David Hillard, CEO of Mentor, specialists in telecoms execution challenges, says UK operators are being left behind by their global counterparts when it comes to providing the best customer experience
On the face of it, the mobile internet is an exceptional opportunity for UK operators to achieve renewed financial growth after years of stagnation. But there is a big gap between operators’ marketing rhetoric and customers’ experiences.
Customers are weary of hair-splitting debates between CTOs, where each declares their network the best. All customers care about is what happens when they use their handset – and if the experience is bad, the network is bad. Simple.
In the UK, capex has been managed down for years to support cashflows. As well, smartphone and tablet sales are growing each day and data traffic is doubling every four months. But should customers be concerned they are being sold a crazy pipedream?
Because at best, UK operators are following a middle-of-the road strategy. While spectrum availability for LTE is critical, it is only one snag in a bigger picture. Operators could be doing much more now to dramatically improve customer experiences.
Elsewhere, operators in Japan, Norway, Sweden and the US are racing ahead. Japan has a dynamic market leadership position. Operators like NTT DoCoMo and Softbank have redefined mobile by providing customers with unmatched services.
Japanese operators continue to invest like mad in the mobile internet. With capex/sales ratios of around 20 per cent, operators deliver healthy revenue growth, with EBITDA margins of around 45 per cent.
In terms of 3G, dongles and smartphones, demand patterns in Norway and Sweden are similar to the UK and the US. Both countries are hotbeds of innovation, not just on 3G/4G network sharing arrangements, but also with OTT players like Spotify, Voddler and Skype.
Without question, Norway and Sweden have taken a bold and gutsy approach to network modernisation – first in the world to LTE, with fibre backhaul, EPC and a single RAN.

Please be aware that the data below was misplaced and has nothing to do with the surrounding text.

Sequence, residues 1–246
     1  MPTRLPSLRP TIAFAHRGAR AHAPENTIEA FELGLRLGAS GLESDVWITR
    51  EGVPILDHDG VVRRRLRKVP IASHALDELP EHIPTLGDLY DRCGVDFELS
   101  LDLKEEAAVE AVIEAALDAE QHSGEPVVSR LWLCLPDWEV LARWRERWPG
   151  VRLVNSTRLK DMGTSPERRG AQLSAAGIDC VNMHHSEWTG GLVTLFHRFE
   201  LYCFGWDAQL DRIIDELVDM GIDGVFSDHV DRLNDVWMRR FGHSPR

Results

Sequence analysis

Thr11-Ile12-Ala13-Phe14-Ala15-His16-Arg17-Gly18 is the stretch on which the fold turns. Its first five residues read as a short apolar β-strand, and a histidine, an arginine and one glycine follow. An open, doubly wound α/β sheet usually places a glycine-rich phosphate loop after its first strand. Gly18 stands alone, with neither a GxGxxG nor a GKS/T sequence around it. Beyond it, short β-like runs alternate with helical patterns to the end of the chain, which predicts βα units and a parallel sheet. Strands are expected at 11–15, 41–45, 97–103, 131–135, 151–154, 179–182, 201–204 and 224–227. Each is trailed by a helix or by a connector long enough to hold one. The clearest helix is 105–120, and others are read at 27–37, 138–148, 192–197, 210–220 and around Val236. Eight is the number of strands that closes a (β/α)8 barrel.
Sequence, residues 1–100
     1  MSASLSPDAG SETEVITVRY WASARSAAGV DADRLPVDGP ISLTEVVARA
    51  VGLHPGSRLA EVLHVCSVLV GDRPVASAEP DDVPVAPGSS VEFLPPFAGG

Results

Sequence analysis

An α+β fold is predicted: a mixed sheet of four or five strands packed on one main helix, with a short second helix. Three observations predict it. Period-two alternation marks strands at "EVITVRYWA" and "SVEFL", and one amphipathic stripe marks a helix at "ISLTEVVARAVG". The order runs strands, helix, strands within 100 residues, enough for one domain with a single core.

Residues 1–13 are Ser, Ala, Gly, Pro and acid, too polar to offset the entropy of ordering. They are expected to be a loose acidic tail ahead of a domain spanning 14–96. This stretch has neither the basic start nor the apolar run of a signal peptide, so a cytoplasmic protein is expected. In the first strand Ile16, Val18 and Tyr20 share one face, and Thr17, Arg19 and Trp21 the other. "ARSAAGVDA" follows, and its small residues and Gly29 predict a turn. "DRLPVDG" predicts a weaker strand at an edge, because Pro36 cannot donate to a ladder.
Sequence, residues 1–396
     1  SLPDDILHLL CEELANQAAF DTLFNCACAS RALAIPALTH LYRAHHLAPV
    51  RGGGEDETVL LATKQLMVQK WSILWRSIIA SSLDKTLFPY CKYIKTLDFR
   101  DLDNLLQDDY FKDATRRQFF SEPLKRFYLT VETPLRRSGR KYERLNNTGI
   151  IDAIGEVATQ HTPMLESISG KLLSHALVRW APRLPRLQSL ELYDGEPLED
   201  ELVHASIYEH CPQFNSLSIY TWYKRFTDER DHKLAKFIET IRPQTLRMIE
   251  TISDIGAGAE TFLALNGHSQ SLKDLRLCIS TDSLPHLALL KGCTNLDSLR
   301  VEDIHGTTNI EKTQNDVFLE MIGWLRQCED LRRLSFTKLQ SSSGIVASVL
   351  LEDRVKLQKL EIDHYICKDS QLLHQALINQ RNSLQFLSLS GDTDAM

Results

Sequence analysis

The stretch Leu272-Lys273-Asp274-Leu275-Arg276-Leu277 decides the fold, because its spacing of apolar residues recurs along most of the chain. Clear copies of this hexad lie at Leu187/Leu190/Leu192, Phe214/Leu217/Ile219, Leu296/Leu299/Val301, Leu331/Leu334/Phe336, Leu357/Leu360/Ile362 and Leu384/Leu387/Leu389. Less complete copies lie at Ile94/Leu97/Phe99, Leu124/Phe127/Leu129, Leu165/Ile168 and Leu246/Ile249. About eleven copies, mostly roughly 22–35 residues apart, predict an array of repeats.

TeliaSonera (Sweden) and Telenor (Norway) plan to deliver steady revenue growth, have capex/sales ratios of around 11 per cent and EBITDA margins in the low 40s.
The US was shocked by the arrival of the iPhone and forced to play catch-up on network performance. AT&T and Verizon are expected to leapfrog their European cousins in LTE.
Both are investing heavily in fibre backhaul and, significantly, already securing a satisfactory share of data revenues. With capex/sales ratios of around 15 per cent, both deliver steady revenue growth with EBITDA margins in the mid-40s.
Following a four-year dispute between Ofcom and UK operators, the auction for radio spectrum has been delayed. It should now take place in the first half of 2012. So, what should operators do in the near term?
Well, one thing is clear: if marketing oratory has simply created a soon-to-erupt volcano, piecemeal approaches to fixing clogged up networks is the wrong answer.
A muscular package of measures is required to ease customer frustration and improve backhaul performance, offload capability, radio efficiency and IT systems.
And while UK operators were previously amongst the first to be innovative with network outsourcing and infrastructure sharing ventures, most of these were motivated by serious margin pressure problems – not by any deep-rooted belief that managed services was a sensible, ground-breaking way of doing business.
Deep within most operator organisations, there are ‘horse and buggy’ brigades at work – CAVE people (Citizens Against Virtually Everything). These crews believe so-called ‘box’ suppliers like Ericsson, NSN, Huawei and Alcatel-Lucent have nothing to teach them about running networks. But nothing could be further from the truth.
With managed service deals covering hundreds of millions of subscribers across the globe, these suppliers now hold the balance of power in terms of ‘know-how’ in designing, building and operating networks.
UK networks are behind the curve – there is a serious catch-up job to be done. And while it may be realistic to return to 10 per cent capex/sales levels in a few years time, it is not on the cards today.
Anything less than 10 per cent smacks of just ‘killing the alligators near the boat’ – an approach that is costly and drawn-out.
Irrespective of the business sector, most companies would be absolutely euphoric if they were presented with the golden goose that UK mobile operators have been presented with – huge demand, new technologies and major growth opportunities.
Isn’t it is time to get down to business and stop following each others tail lights in the fog?